My father’s first employee had just barely graduated from Caltech with a dismal GPA. KB is brilliant, my father claimed, but if only he would apply himself.
KB was hired as a lab technician. He maintained the lab equipment, placed supply orders, and cleaned up after the grad students. Sometimes he came over to our house and played Captain Comic with me on our IBM PC. At 7 years old, I thought he was the coolest person in the world.
My father urged KB to go to graduate school and get a PhD. You’re too smart to be a technician, my dad said.
Why should I sacrifice my present for my future? KB asked. He was too smart to become a PhD student.
That night, my parents chained me to the piano for my daily ritual of practicing for an hour. I hated playing piano.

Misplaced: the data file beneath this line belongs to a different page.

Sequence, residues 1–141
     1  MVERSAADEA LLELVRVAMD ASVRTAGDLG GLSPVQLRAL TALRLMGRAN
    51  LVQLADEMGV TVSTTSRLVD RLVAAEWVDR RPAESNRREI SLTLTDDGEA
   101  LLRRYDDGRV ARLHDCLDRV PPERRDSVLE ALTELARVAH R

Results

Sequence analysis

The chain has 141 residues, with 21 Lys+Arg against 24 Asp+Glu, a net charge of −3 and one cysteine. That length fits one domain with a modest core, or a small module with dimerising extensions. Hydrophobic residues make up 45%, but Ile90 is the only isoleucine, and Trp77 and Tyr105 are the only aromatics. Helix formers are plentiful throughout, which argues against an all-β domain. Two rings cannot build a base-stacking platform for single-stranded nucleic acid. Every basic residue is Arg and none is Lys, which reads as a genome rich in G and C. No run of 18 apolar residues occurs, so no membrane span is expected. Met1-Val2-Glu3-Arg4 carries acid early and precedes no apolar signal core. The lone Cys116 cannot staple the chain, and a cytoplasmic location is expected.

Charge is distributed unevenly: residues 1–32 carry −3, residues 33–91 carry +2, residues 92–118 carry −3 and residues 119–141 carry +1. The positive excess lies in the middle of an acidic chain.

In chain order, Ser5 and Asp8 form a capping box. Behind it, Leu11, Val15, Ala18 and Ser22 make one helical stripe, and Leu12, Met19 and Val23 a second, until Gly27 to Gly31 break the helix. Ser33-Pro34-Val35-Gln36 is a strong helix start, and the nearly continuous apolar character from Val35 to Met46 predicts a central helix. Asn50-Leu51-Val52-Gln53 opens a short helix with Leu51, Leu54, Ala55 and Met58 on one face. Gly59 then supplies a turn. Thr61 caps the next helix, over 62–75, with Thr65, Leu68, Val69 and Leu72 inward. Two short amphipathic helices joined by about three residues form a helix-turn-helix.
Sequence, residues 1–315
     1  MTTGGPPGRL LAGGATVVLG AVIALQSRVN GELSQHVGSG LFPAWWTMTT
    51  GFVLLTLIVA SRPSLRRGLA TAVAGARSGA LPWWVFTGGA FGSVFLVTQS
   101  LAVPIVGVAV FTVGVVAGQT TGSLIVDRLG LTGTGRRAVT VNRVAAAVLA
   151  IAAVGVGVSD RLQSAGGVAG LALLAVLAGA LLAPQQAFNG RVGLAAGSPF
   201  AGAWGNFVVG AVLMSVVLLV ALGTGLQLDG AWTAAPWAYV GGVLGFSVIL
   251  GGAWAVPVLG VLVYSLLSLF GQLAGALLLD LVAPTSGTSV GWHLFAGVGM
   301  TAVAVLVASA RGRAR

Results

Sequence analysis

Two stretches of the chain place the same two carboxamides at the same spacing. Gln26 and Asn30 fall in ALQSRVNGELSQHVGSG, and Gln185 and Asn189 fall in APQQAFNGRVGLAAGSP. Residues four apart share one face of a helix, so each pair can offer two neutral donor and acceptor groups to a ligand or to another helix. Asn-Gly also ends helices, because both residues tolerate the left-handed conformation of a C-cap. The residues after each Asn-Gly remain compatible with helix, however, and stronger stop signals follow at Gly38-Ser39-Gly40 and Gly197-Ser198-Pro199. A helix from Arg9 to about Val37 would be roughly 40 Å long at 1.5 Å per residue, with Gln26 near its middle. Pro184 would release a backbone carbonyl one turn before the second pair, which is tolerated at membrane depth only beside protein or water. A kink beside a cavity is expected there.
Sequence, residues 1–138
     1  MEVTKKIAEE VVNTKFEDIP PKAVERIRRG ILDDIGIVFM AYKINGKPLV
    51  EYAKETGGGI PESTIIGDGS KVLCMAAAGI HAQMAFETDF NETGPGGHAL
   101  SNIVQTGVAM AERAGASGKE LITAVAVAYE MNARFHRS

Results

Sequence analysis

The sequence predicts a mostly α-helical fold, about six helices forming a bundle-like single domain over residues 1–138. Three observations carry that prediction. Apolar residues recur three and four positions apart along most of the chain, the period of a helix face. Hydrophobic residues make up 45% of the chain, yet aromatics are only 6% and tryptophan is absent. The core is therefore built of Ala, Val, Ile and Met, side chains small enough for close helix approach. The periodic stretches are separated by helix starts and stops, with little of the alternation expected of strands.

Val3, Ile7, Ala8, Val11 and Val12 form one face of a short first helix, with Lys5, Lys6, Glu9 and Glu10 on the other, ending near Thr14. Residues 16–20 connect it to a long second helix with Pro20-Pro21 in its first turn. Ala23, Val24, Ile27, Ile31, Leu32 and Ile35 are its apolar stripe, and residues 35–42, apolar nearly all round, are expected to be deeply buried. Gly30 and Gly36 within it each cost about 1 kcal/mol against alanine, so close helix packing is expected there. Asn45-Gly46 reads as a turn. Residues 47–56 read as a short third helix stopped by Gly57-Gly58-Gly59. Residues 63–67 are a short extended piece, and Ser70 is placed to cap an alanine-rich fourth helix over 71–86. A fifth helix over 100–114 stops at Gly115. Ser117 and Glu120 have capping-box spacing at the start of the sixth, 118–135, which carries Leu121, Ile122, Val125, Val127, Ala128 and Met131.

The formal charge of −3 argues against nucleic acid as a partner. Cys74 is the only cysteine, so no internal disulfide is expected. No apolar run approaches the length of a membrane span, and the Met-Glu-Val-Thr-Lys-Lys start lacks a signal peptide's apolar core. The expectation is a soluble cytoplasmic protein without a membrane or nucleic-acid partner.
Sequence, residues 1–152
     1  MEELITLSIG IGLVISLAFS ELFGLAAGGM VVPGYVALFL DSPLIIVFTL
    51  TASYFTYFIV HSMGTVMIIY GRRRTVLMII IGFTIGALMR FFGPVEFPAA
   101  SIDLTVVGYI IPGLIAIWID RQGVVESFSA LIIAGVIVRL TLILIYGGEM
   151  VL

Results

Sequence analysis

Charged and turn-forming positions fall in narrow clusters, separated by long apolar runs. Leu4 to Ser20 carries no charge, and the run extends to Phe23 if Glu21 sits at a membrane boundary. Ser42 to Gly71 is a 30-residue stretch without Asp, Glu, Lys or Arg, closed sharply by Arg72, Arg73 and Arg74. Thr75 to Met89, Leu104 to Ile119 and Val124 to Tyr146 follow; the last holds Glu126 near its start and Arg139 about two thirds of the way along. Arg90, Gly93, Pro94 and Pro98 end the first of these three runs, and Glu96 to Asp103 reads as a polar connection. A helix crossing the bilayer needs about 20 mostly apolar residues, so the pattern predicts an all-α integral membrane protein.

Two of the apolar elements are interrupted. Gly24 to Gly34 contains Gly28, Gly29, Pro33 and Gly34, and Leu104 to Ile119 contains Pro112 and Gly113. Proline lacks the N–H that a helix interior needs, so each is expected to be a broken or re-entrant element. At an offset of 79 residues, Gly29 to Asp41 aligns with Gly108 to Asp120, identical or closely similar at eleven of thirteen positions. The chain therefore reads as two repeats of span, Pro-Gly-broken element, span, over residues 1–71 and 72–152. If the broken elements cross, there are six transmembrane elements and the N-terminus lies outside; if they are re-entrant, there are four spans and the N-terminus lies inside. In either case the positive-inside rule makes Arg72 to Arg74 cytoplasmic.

Why should I sacrifice my present for my future? I asked. My parents were not amused.
A few months later, KB announced to my dad that he was quitting his job. I’m going to ride my motorcycle around the country, he said.
And then he disappeared.
One night, we received a collect call from KB. Somewhere in Florida, he had stopped to use a gas station restroom. When he came out, he discovered that his bags had been stolen from his motorcycle. KB called the police to report the theft. When the cops arrived, they took one look at him and decided that he looked like a filthy hobo. KB had no ID on him, because his wallet had been stolen along with his luggage. The cops arrested him for vagrancy and threw him in jail.
It’s been nearly two and a half decades, and I never saw KB again. I imagine that he’s probably married now, with a family of his own. Maybe his kids are in college. I assume that he lived happily ever after.
That’s how I would have written the story, anyway.